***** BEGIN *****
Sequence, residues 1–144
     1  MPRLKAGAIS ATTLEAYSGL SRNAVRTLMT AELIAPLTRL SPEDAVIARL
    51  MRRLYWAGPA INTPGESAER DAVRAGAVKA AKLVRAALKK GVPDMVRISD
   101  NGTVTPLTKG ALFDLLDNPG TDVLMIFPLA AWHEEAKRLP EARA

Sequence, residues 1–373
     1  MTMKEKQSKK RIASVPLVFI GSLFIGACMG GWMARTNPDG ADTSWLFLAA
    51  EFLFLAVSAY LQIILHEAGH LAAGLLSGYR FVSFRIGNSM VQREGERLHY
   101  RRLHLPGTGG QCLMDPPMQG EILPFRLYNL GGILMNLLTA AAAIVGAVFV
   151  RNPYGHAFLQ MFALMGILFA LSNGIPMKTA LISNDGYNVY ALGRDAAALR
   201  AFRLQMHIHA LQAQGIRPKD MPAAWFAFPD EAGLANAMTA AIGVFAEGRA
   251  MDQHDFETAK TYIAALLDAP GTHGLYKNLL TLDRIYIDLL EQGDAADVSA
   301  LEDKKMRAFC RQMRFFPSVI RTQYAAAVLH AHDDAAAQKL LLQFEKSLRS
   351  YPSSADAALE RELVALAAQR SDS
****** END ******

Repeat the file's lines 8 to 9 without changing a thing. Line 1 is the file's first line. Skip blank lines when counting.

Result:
   101  RRLHLPGTGG QCLMDPPMQG EILPFRLYNL GGILMNLLTA AAAIVGAVFV
   151  RNPYGHAFLQ MFALMGILFA LSNGIPMKTA LISNDGYNVY ALGRDAAALR